The zombies have been banished and the superheroes returned to their lairs, a week after the 14th annual Phoenix Comicon drew to a close. Amazingly, 78,000 people attended the June 5-8 convention. There were obviously economic benefits for the Phoenix Convention Center, downtown hotels, restaurants and trade show vendors. But Comicon, also, provides long-term benefits by hosting educational workshops for attendees trying to start their own businesses.
Of course, there were workshops on how “cosplay like a pro” or “how to get your zombie on.” While Phoenix Comicon is very entertaining, one of its most valuable contributions are the tips provided by successful role models about how to successfully start or grow a business, skills that elude, but are needed by, many creative people. For example, Paul Roman Martinez discussed his success during The Phoenix Comicon Film School’s “Screenwriting” workshop.
The “Before You Start Your Kickstarter” panel provided advice on how to finance projects. Scheduled panelists included Charles Sellner, Jason Brubaker, Jon Schnepp and Travis Hanson. Attendees were encouraged to build one’s fan base before starting a campaign; run Kickstarter campaigns for 30 days, create exclusives for sponsors; launch campaigns at comic conventions; encourage friends to share on their networks; and learn from others’ successful campaigns.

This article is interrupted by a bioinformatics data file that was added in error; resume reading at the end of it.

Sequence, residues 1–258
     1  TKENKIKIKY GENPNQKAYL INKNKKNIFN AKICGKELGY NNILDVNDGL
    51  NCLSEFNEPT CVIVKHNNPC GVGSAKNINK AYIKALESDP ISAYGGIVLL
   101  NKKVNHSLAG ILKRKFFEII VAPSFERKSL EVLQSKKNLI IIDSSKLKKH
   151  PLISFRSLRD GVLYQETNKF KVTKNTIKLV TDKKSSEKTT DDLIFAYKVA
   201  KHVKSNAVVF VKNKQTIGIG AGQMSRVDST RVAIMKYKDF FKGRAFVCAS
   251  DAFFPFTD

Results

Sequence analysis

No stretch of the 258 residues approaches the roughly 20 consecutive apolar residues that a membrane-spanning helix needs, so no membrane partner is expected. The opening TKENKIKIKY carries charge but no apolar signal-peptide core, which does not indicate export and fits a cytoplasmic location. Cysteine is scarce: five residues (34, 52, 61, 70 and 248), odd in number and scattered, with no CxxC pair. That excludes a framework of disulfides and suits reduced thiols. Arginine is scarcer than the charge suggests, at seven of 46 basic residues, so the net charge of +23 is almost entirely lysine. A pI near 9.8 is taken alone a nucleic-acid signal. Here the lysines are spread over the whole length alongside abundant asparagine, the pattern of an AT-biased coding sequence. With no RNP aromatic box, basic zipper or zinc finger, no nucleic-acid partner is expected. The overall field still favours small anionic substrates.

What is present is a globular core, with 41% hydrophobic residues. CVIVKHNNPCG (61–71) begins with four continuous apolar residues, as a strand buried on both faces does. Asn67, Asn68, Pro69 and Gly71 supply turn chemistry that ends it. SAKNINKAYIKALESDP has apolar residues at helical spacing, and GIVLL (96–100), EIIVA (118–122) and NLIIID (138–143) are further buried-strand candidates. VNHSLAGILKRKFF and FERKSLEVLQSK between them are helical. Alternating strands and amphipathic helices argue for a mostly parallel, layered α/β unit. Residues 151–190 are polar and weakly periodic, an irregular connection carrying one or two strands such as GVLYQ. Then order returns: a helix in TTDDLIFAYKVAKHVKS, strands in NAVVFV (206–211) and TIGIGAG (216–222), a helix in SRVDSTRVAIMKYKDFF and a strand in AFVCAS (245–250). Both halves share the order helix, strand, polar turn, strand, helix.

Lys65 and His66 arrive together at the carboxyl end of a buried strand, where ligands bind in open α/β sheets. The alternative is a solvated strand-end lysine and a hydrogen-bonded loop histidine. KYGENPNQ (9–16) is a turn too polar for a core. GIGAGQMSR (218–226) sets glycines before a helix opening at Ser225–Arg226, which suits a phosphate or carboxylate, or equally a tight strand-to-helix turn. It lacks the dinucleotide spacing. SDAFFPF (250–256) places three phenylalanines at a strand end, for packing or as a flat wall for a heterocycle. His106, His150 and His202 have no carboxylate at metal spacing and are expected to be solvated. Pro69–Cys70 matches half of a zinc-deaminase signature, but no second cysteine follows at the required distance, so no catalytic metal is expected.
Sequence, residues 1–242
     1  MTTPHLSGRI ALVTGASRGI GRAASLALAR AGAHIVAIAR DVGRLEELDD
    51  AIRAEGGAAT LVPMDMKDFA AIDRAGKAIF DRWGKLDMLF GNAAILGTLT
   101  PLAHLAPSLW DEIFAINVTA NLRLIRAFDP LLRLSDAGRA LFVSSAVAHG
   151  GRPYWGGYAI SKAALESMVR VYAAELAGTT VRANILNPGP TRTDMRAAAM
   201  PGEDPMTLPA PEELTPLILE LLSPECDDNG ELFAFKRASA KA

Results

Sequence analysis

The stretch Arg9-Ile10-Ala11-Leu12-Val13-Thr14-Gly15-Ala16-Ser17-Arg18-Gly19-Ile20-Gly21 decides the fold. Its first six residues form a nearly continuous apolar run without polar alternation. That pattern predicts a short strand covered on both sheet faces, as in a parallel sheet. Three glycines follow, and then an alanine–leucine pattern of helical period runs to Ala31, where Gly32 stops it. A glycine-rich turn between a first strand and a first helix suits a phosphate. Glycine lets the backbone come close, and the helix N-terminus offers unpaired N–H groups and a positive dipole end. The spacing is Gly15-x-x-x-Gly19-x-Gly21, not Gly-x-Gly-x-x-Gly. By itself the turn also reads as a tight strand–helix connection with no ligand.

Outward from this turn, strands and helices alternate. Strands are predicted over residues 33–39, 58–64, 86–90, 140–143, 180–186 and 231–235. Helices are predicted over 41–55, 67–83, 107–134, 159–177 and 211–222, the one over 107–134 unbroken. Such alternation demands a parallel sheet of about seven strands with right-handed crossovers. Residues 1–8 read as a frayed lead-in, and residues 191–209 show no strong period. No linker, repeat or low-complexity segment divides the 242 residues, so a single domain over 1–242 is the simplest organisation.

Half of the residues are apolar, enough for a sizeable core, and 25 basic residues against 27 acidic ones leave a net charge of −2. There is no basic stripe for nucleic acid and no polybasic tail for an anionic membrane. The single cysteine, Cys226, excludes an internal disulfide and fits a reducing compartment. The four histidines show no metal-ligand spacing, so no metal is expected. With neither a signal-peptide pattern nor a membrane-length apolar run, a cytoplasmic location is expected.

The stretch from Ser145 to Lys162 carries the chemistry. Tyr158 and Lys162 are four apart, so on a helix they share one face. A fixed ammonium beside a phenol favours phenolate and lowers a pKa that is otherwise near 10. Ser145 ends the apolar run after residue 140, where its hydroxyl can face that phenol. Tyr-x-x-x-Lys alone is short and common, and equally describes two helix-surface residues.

As importantly, were the negative lessons they learned, including overpromising sponsors; not including shipping costs in the budget; not providing comments and updates; and failing to use all social media outlets.
Another business-oriented class was “Creating a Professional Comic from the Ground Up.” The real-life challenges and lessons learned from panelists Benjamin Glendenning, Charles Sellner, Eric Schock and Derrick Tipton were invaluable to the attentive attendees. They advised the artists to have the full story arc in mind, target a specific audience (print or digital), learn all aspects of the comic production, use techniques like Kickstarter to finance projects; aim at four-issue mini-series to start; always use contracts; and work with people you like and trust. They also encouraged comic artists to be patient; it took five years to find a publisher for Superman.
“You have to have a business and an artistic side,” said Glendenning, creator of Skulljammer. “Take criticism as a positive and learn from it.”
In summary, the annual Phoenix Comicon not only showcases current successful professionals and benefits current affiliated businesses; it is also helps develop successful comic-related businesses of the future.